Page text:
Focus on the Do—Not the Dread
In January, I was talking to an always inspiring attorney about his 2019 business development success and his plans for 2020. When I asked him why he felt like 2019 had been so successful, he credited three things: being more intentional in his efforts, creating better habits and getting comfortable being uncomfortable. Since many attorneys find business development uncomfortable, I asked him how he learned to get comfortable being uncomfortable. He said, “I focus on the DO, not the DREAD.” That is a brilliantly simple and widely applicable strategy. In fact, I’ve adopted it as my own personal 2020 mantra.
The analytical, risk-averse, cautious, perfectionist nature of many attorneys often leads them to overemphasize preparation, analysis and research over action. While it’s important to be prepared, conduct research and have a plan, it’s really important to take action. Nothing will ever happen without action. As we’ve written about in the past few weeks, clients and contacts want you to stay connected, express genuine concern and offer assistance where you can. We are all facing unprecedented challenges, and no one has all the answers. We are all building the proverbial plane as it’s flying.
We have had more time at home and are cultivating new work habits and routines. Along with that, make sure to incorporate new business development and client care activities and habits as part of every day to help you stay focused on doing rather than dreading.
- Contact at least one client, prospect or contact every day to find out how they are doing both personally and professionally, recognizing that “One Size Fits One” and everyone is experiencing this crisis differently.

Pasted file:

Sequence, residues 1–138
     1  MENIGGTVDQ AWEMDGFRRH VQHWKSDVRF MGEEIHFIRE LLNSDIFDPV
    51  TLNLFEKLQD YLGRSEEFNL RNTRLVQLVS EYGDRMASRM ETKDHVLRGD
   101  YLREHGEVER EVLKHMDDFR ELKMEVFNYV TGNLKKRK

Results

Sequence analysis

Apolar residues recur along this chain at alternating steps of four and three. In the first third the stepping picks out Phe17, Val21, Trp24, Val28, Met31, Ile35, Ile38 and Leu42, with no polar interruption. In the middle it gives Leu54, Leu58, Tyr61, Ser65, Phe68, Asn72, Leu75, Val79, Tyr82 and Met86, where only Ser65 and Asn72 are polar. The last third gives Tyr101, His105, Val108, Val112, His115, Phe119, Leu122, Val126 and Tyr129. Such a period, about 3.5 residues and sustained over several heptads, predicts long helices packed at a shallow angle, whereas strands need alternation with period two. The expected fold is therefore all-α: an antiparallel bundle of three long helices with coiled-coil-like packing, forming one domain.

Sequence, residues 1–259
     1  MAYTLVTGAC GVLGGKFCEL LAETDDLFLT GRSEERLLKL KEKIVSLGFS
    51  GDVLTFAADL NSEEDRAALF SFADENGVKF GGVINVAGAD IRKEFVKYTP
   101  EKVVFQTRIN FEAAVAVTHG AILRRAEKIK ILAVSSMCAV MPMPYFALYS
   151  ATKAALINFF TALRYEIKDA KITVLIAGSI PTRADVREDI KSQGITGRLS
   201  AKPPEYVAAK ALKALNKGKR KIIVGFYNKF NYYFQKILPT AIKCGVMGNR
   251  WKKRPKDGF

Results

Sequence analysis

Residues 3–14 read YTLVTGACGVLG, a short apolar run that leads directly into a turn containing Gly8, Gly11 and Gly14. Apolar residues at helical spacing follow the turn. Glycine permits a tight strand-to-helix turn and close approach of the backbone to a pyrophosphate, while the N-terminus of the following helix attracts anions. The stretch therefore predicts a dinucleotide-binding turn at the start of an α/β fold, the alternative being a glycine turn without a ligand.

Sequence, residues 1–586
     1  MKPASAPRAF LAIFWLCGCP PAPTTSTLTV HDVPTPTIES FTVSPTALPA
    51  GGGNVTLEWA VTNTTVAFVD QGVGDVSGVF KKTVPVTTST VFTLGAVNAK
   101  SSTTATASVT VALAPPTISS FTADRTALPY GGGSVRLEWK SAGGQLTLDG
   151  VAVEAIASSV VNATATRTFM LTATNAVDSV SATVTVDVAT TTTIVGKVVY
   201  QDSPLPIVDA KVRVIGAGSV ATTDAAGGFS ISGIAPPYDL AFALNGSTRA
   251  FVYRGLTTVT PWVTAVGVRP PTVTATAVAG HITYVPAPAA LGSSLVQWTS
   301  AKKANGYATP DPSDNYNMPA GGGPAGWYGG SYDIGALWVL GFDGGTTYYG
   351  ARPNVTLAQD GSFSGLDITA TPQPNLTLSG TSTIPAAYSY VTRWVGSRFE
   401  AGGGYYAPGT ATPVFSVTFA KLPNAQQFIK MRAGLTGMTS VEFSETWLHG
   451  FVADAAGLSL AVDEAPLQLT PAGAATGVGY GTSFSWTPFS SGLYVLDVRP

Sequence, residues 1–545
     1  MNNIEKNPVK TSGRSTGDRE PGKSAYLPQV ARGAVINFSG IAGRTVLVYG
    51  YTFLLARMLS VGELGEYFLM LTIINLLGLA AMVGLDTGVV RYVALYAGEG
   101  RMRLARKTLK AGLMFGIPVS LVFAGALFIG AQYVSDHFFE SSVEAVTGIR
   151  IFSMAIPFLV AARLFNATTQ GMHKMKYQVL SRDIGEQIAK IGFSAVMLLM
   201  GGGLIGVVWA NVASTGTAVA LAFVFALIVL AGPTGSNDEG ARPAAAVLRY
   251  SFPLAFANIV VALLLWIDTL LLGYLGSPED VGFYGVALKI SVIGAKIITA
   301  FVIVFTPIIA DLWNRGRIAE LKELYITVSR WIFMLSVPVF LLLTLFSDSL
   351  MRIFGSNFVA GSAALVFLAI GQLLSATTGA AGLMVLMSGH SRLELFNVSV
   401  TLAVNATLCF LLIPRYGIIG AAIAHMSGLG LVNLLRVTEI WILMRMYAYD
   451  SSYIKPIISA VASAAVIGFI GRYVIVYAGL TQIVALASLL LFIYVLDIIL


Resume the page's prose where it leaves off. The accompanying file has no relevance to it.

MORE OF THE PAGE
- You have probably cleaned out a closet or created new work and school spaces in your home. Consider “Marie Kondo-ing” your contacts as well. Download your LinkedIn and Outlook contacts and review them. You can prioritize your outreach using a simple DRIP analysis to code your contacts. When you’ve identified your “priority” contacts, add a notes column that includes what they care about, topics of interest and their biggest challenges so you can customize your outreach and add value.
- Decision makers can directly hire you and the firm to perform legal work.
- Referral sources can provide a referral to use you and the firm.
- Influencers influence the hiring of you and the firm but may not directly be able to make the hiring decision.
- Personal are social or personal contacts. Many of the above are also personal contacts.
- Review the presentations, articles and other content you and/or your team has created and look for ways to repurpose. If you created a special program or CLE for a client, consider what other clients would find value in the topic or reformat for other audiences.
- Research your clients. Set up Google alerts for each client and prospect and ask your BD team about other available research resources in the firm. Take a deep dive on their websites, listen to quarterly or annual earnings calls and read filings and other reports.
- Update your bio!
- Stay positive. This is a difficult time for everyone. Clients rely on the attorneys who are positive and find creative workarounds and alternatives in the face of challenges to help clients advance the goals of the business.